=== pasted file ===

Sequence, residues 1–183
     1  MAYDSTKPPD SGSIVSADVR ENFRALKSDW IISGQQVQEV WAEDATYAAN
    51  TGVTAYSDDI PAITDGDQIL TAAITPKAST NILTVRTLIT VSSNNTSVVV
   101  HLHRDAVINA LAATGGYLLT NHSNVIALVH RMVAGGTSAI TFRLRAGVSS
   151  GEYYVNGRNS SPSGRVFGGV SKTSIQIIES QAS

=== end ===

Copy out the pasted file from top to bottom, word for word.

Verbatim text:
Sequence, residues 1–183
     1  MAYDSTKPPD SGSIVSADVR ENFRALKSDW IISGQQVQEV WAEDATYAAN
    51  TGVTAYSDDI PAITDGDQIL TAAITPKAST NILTVRTLIT VSSNNTSVVV
   101  HLHRDAVINA LAATGGYLLT NHSNVIALVH RMVAGGTSAI TFRLRAGVSS
   151  GEYYVNGRNS SPSGRVFGGV SKTSIQIIES QAS